Different Views of Fiscal Cliff

Ramesh PonnuruLet’s say that President Obama and Speaker Boehner agree on a deal that allows $1 trillion of the scheduled tax increases to take place over the next decade and cuts $1 trillion in spending over the same period. Most Republicans will view that as a deal with a 1-1 ratio of spending cuts to tax increases, and a lot of them will consider that ratio inadequate. But Democrats will look at the same deal and think about it differently. They believe that they don’t need any deal to get large tax increases. If they extend only the middle-class tax cuts, either before or after January 1, they get $800 billion in revenues. So from their perspective, the deal makes $1 trillion in cuts for $200 billion of extra revenue: a 5-1 ratio. It would be hard enough for both sides to agree to the same ratio; it’s even harder when they aren’t calculating that ratio the same way.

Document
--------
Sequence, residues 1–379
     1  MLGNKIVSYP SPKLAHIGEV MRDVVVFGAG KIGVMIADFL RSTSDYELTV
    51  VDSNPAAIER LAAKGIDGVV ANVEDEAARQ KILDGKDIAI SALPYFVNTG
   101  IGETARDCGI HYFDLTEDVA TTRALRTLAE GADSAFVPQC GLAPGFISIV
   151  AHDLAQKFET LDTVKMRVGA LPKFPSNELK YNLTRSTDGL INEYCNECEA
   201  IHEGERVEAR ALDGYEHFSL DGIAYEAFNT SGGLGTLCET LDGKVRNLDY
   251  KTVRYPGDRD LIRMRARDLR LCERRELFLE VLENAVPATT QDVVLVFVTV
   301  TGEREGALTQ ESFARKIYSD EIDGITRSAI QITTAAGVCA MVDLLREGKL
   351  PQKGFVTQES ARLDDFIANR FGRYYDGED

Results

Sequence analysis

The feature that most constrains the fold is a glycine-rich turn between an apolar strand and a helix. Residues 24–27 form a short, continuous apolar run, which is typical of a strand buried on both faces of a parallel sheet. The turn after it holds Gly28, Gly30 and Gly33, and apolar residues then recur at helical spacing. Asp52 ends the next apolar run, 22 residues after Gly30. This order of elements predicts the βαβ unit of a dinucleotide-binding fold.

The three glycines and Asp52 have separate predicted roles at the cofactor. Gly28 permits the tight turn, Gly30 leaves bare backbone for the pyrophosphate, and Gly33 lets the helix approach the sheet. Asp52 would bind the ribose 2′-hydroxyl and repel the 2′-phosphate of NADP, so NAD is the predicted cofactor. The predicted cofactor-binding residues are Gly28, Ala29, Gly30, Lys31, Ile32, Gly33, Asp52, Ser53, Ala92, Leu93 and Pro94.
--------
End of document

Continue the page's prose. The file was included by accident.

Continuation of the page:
—Ramesh Ponnuru
An Obstacle to a Deal

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About Frank Moraes

Frank Moraes is a freelance writer and editor online and in print. He is educated as a scientist with a PhD in Atmospheric Physics. He has worked in climate science, remote sensing, throughout the computer industry, and as a college physics instructor. Find out more at About Frank Moraes.

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